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Business Profile


Weeder Technologies was founded in 1989 by Terry J. Weeder who at the time, was working an 8-year stretch at General Electric's Aircraft Engines plant in Cincinnati Ohio. Deciding to venture outward and start an electronics development business on the side, Terry set up a small shop and went to work designing a line of diversified electronic kits for the hobbyist. As the business (and shop) grew, Terry eventually left General Electric Company to devote his full time and resources to the task.

When the PIC family of microcontrollers from Microchip Technologies Inc. began gaining popularity in the early 1990s, Terry jumped at the chance to use this micro to add embedded computing power to the Weeder Technologies' product core. Over the next five years, Terry wrote dozens of articles published in electronic hobbyist magazines including "Popular Electronics," "Radio Electronics," "Electronics Now," "Nuts & Volts," and others, which depicted the many uses of the PIC microcontroller, and demonstrated ways to design it into compact electronic circuits.

From the results of these efforts, by the mid 1990s, custom design contracts and microcontroller firmware development accounted for the bulk of Weeder Technologies' labors, and helped pave the course to come. In 1997, Terry moved the business down to the Gulf coast of Florida and concentrated on the design/development of the Stackable DAQ Modules as seen on the web site today. This family of DAQ modules was envisioned to serve as a quick, economical, snap-together, Data Acquisition & Control platform, which could easily be connected to standard off-the-shelf PCs and laptops without accessing internal card cages. The new product line entered full production in January of 2000 and very quickly gained popularity due to its ease of use, reliability, and straight forward command set. Among other things, these products are currently being used in the Auto Industry, Wastewater and Power Plants, Oil Rigs in the Gulf of Mexico, Maritime applications, and National Defense including efforts in Iraq, Afghanistan, and Homeland Security.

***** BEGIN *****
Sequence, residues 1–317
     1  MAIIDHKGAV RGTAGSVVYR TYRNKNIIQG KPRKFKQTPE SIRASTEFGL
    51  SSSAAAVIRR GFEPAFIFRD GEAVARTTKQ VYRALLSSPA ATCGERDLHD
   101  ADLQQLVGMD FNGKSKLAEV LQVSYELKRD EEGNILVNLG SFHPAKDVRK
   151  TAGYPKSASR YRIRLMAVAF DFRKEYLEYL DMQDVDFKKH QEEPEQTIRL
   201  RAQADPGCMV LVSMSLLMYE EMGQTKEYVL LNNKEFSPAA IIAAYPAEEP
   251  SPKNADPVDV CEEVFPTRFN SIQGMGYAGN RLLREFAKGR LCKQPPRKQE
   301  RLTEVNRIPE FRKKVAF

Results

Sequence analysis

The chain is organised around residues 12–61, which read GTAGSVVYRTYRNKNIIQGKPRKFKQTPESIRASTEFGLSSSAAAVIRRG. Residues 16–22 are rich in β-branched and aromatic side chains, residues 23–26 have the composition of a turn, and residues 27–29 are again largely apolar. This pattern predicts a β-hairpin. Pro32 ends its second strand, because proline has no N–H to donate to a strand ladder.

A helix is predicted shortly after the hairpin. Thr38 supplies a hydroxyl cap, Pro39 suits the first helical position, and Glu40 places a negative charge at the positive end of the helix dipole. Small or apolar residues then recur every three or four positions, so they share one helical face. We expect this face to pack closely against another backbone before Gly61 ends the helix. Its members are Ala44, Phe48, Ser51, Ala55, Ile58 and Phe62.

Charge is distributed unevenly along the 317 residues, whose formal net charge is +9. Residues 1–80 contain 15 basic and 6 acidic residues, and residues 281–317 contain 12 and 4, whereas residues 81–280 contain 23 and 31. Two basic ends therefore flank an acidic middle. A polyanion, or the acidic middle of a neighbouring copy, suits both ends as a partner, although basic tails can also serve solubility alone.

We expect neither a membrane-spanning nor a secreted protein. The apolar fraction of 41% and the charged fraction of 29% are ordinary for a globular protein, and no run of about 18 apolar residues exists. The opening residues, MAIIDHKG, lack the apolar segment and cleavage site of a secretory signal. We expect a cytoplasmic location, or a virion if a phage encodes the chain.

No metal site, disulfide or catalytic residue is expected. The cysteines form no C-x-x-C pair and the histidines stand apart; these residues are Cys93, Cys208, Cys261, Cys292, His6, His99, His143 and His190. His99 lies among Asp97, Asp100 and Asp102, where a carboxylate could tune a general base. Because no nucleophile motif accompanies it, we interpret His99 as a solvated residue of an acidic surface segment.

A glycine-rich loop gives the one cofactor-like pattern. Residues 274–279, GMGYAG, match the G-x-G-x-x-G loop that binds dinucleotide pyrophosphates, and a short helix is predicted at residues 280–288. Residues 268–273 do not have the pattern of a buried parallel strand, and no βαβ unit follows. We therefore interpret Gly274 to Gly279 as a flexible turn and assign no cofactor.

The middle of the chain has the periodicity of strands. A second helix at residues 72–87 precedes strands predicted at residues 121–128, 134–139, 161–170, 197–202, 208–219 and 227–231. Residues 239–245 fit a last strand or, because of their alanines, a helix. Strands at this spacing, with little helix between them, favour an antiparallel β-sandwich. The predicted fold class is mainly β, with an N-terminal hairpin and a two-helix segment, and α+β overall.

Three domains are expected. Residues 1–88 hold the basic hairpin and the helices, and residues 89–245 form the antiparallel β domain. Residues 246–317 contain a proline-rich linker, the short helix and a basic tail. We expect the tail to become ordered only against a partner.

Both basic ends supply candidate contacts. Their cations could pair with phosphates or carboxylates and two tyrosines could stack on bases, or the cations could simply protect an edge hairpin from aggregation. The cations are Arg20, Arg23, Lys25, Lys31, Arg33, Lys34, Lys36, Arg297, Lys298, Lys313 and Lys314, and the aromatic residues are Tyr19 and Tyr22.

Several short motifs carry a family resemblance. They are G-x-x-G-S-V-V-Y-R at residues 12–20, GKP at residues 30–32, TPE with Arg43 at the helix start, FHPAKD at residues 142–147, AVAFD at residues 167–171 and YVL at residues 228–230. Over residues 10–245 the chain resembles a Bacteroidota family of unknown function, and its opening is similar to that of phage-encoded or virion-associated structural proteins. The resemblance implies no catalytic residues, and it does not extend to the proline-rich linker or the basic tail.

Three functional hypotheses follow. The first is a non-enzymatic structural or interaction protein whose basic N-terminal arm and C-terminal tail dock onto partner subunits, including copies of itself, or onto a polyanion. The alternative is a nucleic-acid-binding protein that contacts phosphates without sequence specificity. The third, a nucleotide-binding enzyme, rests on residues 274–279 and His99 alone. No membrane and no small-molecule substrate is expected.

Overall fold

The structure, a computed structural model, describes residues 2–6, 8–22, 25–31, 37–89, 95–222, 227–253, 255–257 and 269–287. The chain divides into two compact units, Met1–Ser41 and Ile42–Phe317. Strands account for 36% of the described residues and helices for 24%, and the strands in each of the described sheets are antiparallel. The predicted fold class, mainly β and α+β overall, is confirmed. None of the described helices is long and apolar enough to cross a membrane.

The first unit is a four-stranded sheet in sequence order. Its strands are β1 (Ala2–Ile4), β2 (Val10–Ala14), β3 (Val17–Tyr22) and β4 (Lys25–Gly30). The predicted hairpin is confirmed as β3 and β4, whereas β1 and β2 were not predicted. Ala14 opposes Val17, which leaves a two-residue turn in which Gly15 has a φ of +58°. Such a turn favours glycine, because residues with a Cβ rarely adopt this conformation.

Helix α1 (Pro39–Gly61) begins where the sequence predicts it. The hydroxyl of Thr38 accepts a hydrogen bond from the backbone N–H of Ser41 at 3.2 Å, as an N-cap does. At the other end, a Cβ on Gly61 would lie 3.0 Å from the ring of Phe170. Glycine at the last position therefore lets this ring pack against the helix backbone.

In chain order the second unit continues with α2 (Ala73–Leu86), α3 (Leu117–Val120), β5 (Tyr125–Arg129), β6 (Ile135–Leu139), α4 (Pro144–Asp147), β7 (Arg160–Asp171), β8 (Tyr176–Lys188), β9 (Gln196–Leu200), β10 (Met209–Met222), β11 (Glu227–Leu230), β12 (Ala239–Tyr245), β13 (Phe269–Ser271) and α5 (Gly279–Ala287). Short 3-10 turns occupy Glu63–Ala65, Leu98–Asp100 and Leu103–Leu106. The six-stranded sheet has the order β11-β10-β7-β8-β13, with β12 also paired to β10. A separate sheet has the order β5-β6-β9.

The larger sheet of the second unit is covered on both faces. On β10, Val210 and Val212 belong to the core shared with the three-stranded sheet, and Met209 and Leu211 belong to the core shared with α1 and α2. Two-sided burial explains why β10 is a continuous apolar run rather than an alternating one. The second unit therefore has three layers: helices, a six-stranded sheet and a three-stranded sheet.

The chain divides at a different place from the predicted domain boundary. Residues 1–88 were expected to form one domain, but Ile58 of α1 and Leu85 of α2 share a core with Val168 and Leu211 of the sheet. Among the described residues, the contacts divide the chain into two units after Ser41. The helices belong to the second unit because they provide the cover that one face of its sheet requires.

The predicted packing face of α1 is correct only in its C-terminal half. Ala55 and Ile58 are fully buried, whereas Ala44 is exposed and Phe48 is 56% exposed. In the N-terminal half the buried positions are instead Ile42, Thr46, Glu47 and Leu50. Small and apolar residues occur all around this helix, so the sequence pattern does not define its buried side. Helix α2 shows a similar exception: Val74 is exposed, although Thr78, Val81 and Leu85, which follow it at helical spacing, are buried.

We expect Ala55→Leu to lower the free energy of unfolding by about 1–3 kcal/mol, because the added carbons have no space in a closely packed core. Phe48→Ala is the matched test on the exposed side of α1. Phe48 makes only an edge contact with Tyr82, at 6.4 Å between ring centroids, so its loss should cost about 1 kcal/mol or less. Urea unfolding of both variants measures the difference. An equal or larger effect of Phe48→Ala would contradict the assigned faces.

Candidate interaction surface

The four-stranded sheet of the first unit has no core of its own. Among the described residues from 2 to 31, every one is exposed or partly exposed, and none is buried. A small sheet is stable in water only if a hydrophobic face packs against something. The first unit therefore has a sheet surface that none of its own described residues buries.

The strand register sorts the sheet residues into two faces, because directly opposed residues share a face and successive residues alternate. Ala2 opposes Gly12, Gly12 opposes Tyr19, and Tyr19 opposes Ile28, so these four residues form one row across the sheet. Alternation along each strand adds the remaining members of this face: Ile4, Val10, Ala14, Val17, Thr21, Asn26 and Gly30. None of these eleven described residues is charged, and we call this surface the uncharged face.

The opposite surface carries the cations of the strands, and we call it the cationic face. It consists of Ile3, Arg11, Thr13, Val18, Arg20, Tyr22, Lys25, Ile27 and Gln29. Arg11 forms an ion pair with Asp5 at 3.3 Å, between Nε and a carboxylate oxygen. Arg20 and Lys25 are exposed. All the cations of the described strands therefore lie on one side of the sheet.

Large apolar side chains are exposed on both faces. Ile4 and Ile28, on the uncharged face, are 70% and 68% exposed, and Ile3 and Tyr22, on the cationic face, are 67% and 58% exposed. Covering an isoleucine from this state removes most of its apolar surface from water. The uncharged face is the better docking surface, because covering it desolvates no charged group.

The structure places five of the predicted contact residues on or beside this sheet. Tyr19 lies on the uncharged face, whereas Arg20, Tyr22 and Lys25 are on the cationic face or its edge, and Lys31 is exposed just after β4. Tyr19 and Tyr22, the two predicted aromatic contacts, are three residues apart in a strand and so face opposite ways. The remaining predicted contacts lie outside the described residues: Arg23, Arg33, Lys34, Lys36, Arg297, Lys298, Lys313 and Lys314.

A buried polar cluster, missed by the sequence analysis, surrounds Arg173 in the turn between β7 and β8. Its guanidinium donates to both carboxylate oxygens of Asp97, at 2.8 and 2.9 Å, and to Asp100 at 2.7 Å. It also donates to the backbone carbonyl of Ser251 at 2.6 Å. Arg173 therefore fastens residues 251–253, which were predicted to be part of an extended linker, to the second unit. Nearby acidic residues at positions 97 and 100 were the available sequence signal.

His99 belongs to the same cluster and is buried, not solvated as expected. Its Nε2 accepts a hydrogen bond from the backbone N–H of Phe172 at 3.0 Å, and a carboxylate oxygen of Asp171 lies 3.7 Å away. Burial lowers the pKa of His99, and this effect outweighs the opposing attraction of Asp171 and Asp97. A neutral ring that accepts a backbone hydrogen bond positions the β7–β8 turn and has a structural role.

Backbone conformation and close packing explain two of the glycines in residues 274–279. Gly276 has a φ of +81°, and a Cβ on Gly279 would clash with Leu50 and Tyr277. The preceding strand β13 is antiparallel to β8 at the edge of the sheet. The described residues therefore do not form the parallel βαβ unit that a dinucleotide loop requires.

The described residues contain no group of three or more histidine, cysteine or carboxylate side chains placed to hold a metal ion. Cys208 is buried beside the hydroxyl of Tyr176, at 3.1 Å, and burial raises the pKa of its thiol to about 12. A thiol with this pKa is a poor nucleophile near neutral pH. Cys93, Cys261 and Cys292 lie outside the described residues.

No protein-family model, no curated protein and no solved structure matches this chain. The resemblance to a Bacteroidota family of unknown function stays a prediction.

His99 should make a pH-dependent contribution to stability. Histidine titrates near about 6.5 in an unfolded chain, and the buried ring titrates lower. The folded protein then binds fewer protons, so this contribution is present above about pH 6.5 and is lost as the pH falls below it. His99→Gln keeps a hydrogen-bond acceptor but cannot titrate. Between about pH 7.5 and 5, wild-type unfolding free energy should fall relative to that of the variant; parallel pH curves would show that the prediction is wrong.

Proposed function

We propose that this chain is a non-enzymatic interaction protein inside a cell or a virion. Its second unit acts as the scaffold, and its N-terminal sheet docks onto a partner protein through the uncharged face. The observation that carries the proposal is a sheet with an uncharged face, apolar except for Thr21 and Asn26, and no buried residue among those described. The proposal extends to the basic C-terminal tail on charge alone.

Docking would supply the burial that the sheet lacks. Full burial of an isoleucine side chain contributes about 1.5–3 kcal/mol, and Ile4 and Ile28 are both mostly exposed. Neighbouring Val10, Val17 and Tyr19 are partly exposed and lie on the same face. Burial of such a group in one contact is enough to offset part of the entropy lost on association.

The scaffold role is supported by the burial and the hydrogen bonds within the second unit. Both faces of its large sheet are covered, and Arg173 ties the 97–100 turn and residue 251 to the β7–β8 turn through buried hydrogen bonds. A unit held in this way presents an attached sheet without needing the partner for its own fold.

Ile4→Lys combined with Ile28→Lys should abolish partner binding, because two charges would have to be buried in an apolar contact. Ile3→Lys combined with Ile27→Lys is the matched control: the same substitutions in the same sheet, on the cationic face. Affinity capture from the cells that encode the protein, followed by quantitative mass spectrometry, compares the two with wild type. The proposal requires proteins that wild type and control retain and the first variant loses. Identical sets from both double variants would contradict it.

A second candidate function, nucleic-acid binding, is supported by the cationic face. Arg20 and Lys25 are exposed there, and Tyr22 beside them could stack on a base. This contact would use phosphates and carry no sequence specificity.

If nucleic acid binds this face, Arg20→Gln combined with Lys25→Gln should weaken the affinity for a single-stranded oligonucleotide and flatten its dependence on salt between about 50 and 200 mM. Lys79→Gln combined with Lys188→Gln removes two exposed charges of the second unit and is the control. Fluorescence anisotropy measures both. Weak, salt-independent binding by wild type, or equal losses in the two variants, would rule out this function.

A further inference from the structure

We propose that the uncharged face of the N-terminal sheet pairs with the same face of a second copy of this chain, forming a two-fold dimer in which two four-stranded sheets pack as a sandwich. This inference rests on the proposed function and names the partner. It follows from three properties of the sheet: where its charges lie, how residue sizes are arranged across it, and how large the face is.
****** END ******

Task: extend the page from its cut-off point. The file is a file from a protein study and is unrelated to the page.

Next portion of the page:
In 2002, following two years of development, Weeder Technologies released the first version of ModCom, an HMI software package developed specifically for the stackable modules and written for the Windows operating system. Eliminating the need for the end-users having to write their own software to communicate with the modules, ModCom has proven to be a valuable tool when setting up applications for time-constrained and budget-critical missions in the industrial and OEM fields. ModCom has evolved over the years since its debut in 2002 gaining more and more functions and will continue to do so long into the future. Watch for new releases.

In 2017, design and development began on the WTX4 series of DAQ modules which are an advanced version of our original DAQ cards. In addition to having added features and functionality, these units have full electrical isolation from the power supply and communications bus allowing for the connection of sensors mounted to machinery with completely different ground potentials, which is very common in the industrial environment. The WTX4 is stackable just as the original DAQ cards and uses the same communications protocol and command set style so that software written for the original DAQ cards can easily be ported over to the WTX4. A simple update of the header/address character in the command strings is all that's required in most cases, and both the old and new DAQ series can be stacked together if desired. Full production of the WTX4 began in February of 2018 and has since proven to be a valuable addition to our product line.

Send comments to:   Terry Weeder

Weeder Technologies
90-A Beal Pkwy NW
Fort Walton Beach FL 32548